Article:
Hal Would Buy It!
I would consider this the highest end product I own, especially because I never would have thought I would own a helmet worth more than $300. Fortunately, I was able to get this product at a killer deal (all my surfing the web for endurance products finally paid off).
When Rudy Project went to develop a new TT helmet they intended to revolutionize the industry. Although I am not convinced the industry was revolutionized they did create a great helmet that was also reported to be the most popular helmet used at the most recent Ironman World Championships in Kona. Rudy Project enlisted the help with their design by hiring aerodynamics specialist, John Cobb. Cobb designed the helmet so that it would fit multiple styles of cyclists. So if you have a rounded, square or any other shaped back or riding position, the helmet will work for you.
One of my favorite things about this helmet is that it doesn’t scream “elite aero cyclist.” When I first started doing triathlons I was never interested in getting a TT helmet. The long style helmets always reminded me of the “Malcolm in the Middle” episode where Hal takes up speed walking. I like that the Wingspan does not have a long tail. It makes it easier to travel with and does not announce to everyone around you that you are an elite cyclist, regardless if you are or not.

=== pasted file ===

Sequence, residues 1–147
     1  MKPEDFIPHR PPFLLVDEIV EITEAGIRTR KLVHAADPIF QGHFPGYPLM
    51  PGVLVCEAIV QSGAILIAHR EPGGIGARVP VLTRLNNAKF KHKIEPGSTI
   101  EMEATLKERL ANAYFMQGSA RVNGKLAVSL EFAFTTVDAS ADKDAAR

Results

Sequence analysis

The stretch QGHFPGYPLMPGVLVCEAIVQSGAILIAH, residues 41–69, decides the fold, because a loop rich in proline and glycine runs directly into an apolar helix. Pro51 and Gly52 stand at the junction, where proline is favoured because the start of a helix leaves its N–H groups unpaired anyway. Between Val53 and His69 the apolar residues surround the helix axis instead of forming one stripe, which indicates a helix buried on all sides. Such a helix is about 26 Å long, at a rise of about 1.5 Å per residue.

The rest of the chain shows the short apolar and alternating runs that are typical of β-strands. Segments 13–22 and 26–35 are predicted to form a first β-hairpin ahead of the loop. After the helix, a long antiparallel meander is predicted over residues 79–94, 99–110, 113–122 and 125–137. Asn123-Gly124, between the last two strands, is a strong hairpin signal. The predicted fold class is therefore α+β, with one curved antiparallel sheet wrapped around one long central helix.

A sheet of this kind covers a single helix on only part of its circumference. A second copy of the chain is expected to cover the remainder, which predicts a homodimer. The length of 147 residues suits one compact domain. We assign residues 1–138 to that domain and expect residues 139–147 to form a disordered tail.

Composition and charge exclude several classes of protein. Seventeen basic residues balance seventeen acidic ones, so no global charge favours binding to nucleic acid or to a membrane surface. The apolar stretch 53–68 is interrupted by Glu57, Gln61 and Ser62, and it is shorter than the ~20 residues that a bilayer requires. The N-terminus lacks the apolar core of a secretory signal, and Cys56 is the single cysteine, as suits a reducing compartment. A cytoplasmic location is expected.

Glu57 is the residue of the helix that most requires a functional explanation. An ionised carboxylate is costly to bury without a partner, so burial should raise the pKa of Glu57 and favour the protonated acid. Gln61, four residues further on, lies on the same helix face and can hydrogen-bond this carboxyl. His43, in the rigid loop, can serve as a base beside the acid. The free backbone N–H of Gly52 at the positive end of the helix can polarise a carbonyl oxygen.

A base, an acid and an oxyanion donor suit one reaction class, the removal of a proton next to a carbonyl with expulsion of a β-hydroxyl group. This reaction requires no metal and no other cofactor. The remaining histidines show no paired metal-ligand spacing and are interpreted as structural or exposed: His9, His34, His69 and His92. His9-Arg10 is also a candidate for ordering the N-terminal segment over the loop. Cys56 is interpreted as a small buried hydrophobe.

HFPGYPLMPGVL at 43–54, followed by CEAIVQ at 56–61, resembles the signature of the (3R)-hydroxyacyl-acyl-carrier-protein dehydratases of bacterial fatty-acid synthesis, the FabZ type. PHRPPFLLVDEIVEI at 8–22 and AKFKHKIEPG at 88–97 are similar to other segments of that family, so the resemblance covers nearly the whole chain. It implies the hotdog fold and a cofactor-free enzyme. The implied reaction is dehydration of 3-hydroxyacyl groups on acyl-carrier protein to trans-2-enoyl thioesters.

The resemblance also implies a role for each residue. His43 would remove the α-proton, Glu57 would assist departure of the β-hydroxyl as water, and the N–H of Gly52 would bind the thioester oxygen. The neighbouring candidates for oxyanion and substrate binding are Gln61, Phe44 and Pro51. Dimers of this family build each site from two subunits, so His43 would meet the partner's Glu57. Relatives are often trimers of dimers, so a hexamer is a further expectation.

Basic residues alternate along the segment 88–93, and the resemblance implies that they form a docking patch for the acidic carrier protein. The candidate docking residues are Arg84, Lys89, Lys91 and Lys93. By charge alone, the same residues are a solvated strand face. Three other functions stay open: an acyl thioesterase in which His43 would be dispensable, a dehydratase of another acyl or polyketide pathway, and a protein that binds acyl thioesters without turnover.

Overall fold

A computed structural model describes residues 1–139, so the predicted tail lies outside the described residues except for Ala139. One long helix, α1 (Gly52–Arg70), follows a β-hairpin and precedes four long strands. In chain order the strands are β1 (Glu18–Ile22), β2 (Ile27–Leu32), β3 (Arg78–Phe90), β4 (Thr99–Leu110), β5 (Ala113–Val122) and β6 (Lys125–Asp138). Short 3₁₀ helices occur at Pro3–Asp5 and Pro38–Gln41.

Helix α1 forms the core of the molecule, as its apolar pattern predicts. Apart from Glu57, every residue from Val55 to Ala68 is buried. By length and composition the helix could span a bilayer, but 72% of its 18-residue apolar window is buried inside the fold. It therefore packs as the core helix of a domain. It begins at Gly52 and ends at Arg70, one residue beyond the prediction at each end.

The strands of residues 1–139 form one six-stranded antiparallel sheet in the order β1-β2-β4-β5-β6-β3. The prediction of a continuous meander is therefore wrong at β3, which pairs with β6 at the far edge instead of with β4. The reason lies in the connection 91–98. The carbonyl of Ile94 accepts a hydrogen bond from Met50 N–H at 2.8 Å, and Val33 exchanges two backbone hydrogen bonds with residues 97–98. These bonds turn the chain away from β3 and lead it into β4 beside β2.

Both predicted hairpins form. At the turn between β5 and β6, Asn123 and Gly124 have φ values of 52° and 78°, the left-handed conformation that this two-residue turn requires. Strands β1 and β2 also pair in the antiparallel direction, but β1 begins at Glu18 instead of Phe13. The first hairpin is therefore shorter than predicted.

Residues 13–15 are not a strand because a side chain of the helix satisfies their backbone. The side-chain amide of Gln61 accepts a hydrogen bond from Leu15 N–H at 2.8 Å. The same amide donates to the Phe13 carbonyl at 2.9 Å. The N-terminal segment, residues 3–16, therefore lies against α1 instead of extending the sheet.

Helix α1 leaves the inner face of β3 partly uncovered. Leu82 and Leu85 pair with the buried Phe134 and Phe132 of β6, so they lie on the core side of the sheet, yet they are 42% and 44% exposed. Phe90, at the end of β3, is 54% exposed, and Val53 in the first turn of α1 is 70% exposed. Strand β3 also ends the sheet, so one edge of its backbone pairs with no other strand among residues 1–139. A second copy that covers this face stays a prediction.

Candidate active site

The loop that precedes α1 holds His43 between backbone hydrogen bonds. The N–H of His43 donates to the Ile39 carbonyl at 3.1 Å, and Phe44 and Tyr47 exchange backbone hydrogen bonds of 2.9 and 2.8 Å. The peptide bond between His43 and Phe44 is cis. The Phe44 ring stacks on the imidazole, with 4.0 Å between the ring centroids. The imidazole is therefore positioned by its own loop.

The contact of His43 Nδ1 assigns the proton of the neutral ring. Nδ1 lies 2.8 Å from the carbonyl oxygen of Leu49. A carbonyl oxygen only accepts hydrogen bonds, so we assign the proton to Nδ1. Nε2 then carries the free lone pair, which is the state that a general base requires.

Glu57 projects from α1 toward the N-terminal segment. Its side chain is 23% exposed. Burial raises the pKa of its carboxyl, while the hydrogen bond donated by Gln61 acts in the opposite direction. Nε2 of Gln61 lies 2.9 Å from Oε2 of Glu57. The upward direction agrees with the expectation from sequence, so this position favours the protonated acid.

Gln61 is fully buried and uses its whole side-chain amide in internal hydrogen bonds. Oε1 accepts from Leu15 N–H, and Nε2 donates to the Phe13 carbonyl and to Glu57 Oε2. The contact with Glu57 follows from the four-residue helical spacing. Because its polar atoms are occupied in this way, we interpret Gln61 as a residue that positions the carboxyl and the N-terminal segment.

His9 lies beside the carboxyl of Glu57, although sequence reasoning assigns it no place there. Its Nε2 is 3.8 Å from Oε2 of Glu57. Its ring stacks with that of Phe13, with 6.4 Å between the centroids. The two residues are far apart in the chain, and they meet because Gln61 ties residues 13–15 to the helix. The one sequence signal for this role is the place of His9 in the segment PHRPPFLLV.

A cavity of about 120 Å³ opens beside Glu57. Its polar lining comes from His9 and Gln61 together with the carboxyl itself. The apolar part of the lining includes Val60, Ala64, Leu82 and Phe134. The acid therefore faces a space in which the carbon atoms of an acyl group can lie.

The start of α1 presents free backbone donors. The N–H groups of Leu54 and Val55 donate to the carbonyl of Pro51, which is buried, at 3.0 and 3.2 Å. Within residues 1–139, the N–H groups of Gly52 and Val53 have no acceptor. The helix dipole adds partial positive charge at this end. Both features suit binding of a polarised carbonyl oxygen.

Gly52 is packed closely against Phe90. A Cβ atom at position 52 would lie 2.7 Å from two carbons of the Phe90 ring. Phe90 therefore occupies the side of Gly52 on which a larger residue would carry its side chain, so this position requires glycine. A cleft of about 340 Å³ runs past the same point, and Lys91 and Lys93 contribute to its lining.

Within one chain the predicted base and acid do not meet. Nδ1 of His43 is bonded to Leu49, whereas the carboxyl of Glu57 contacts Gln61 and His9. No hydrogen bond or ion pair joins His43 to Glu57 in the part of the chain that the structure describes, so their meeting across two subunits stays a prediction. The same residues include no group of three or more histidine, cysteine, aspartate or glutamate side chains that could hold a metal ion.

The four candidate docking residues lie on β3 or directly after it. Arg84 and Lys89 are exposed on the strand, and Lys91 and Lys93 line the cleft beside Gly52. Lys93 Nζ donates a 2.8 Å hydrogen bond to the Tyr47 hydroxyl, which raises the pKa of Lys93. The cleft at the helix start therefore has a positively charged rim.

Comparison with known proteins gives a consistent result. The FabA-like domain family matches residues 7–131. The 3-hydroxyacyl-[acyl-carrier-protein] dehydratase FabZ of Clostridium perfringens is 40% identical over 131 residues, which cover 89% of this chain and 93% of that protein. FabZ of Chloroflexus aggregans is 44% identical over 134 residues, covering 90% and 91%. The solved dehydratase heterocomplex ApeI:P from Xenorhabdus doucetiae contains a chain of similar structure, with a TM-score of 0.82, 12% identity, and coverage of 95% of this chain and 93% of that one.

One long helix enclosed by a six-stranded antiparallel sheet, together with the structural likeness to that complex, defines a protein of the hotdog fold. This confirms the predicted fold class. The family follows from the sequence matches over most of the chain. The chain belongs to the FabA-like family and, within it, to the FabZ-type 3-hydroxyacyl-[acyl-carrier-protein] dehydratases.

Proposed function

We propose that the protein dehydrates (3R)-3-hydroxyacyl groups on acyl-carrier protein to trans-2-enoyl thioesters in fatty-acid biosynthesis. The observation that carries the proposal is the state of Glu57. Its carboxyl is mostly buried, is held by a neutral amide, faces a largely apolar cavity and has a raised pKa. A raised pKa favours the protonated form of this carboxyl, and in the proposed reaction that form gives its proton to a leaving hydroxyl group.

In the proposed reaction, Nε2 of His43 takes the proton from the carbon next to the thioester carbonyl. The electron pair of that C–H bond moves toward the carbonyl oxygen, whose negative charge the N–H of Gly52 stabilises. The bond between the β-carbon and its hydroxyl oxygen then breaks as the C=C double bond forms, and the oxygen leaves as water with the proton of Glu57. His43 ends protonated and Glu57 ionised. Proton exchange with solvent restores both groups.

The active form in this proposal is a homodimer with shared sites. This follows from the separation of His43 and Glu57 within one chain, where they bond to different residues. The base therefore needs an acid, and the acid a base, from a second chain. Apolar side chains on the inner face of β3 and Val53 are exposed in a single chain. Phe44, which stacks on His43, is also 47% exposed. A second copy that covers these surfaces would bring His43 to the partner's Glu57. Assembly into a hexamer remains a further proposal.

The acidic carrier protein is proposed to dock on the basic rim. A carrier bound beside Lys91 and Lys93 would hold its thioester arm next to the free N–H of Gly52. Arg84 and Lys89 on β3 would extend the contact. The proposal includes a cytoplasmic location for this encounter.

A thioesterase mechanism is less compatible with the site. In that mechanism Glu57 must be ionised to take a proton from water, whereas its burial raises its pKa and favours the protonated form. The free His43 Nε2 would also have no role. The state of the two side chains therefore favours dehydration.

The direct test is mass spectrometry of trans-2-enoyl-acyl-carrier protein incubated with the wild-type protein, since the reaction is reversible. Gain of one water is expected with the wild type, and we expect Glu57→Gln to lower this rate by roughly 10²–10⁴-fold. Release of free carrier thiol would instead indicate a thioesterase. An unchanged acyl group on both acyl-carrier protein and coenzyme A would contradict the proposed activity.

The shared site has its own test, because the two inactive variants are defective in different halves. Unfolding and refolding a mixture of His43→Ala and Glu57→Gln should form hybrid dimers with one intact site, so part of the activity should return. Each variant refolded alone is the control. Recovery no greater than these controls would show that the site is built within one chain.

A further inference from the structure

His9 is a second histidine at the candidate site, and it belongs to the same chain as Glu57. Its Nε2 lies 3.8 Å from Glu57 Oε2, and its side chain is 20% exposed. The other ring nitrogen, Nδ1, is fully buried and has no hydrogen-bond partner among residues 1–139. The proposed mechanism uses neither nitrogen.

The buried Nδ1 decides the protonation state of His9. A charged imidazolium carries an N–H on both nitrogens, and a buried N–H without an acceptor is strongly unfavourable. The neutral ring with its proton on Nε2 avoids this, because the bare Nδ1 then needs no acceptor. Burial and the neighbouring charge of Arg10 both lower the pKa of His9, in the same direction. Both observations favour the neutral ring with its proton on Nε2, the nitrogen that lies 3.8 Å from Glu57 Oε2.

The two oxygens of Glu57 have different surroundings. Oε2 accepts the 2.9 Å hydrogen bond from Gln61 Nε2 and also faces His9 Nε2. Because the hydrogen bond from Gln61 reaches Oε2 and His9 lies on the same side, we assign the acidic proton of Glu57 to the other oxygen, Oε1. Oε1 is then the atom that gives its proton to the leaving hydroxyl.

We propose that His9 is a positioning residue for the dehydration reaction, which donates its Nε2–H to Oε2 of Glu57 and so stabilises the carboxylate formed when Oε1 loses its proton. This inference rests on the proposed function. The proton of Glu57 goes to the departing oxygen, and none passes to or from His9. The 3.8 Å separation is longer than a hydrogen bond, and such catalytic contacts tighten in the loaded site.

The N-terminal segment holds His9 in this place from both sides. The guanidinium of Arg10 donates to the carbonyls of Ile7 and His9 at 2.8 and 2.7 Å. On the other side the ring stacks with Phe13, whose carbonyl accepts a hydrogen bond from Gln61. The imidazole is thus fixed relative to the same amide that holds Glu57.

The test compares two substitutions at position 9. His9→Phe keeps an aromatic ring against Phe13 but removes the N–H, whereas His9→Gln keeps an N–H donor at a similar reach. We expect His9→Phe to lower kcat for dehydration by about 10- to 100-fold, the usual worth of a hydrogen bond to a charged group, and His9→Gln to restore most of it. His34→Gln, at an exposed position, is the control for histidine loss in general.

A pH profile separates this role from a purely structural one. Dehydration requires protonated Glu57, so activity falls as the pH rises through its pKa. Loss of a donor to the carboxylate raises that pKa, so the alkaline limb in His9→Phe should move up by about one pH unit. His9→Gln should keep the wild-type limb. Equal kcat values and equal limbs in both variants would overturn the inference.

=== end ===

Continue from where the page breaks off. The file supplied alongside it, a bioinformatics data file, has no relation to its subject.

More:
The helmet itself is noticeably light, coming in at a weight of 10.2 ounces/290 grams. The Wingspan also has the “disc retention” system for tightening the helmet to fit on your head and can easily be adjusted while riding.
Perhaps one of the most innovative things about the Wingspan, other than world-class aerodynamics, is the aerodynamic kit itself. The Wingspan helmet includes a closed cover, net cover and tail cover. This allows for multiple ways to set up your helmet as you hit the road. The closed cover and net cover are pieces that connect to the front of the helmet and allow for no wind to maximum wind to flow through. The closed cover keeps the Wingspan in its most aerodynamic design, while the mesh cover or no cover at all will help circulate air through the helmet to help keep you cool. The tail cover works in the same manner. The chart (see website) from Rudy Project gives recommendations on which set-up is needed, depending on distance and weather. When I ran the Ironman St. George I was ecstatic about using a TT helmet. I left the opening in the front of the helmet open and took off the tail cover. To help cool down even more I would place the nozzle of my water bottle in the front hole and squeeze.
The Bottom Line ~
The Rudy Project Wingspan TT Helmet is a great helmet. The cost could be a deal-breaker for many age-group athletes. There are other time-trial helmets that are less expensive, but if you do purchase the Wingspan you should be confident that you have world-class equipment that was designed and built by the best.